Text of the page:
Hole 4 par 4
No strategy, just grit your teeth and shoot long and straight. Only the middle of the fairway will give you a good view of the green and any hope of getting a par. The route bristles with hazards. Try to avoid the small but deep bunkers on the left of the fairway, from which it is very hard to reach the green: beyond them lies the Mediterranean scrub. On the right is the river, which runs the whole length of the hole and is just waiting to punish your mistakes. And, on the right of the fairway again, a tree partially blocks the view of the green, which is very undulating and defended on the left by two deep bunkers. A par on this hole is worth double.

Hole 5 par 3
The green rises from the level in an elongated diagonal to the left, where it is protected by a deep bunker in front. Only a shot close to the flag offers any possibility of a birdie, as the undulating green requires a very accurate putt to get into the hole.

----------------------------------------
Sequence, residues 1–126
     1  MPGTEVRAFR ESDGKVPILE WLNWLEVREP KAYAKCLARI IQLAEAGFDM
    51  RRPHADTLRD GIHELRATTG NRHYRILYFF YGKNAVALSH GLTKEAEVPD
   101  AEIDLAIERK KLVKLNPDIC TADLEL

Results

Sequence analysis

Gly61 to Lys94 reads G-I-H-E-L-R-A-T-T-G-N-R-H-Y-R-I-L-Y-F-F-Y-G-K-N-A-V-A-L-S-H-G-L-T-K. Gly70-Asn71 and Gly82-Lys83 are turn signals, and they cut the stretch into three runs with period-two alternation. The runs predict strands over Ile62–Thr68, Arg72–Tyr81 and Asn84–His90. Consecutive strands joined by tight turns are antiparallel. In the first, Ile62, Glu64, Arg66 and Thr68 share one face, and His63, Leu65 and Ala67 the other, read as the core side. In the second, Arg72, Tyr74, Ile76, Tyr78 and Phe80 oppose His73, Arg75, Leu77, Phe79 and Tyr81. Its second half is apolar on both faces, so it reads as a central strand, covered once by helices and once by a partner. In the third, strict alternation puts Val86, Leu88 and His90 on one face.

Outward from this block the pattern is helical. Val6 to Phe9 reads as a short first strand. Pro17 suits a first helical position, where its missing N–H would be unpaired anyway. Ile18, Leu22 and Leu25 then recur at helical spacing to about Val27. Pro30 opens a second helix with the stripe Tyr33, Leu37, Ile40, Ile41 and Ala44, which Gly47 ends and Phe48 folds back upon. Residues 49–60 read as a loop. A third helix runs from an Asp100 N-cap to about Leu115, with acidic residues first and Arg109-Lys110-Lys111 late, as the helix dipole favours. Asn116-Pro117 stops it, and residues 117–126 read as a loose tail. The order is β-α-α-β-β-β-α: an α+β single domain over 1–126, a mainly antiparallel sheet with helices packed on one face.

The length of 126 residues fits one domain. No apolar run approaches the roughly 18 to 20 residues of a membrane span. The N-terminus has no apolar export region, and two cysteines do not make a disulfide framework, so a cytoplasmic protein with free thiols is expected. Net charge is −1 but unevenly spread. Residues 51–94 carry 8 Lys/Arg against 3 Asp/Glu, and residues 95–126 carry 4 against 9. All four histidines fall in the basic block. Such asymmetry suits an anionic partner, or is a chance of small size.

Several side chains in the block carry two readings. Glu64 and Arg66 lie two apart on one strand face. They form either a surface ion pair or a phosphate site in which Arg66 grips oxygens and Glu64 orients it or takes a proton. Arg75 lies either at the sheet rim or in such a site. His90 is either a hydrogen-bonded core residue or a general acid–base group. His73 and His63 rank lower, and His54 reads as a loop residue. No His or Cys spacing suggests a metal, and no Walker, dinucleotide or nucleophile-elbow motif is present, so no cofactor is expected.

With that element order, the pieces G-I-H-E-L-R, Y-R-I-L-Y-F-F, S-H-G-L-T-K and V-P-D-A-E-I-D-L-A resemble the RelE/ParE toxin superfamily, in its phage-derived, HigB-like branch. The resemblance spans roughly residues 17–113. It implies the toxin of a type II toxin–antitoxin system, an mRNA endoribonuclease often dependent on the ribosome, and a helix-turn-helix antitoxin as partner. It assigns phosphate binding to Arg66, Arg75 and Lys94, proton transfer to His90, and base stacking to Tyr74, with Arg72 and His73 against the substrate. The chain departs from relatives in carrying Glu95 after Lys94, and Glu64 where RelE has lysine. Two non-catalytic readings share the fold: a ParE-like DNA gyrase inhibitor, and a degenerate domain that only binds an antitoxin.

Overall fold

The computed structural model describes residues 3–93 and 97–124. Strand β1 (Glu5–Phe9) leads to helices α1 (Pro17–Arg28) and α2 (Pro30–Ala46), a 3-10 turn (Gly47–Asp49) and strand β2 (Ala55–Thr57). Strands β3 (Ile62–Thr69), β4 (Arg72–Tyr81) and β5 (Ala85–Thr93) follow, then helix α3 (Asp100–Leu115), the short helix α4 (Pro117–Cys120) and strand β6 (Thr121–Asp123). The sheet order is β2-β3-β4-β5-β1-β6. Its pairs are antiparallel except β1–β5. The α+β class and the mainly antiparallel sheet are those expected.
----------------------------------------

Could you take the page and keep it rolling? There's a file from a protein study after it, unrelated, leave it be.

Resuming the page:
Hole 6 par 5
The tee shot is in ascent and only the player with a long drive will see his ball vanish over the ridge and take advantage of the downward roll. Be careful though: a drive too far to the left runs the risk of ending up along the row of eucalyptus trees that borders the hole on the left and limits the view on the second stroke. The fairway is broad but narrows progressively in the second landing area, where bunkers on the right and a group of oaks penalize the inaccurate player, while the scrub on the left is even scarier. From there it’s still a long way to the green. Raised and set at a slight angle from right to left, the green is protected by a bunker on the left and the Mediterranean scrub on the right. Be careful not to carry right onto the green, whose last part slopes downwards and will make the ball roll off.

Hole 7 par 4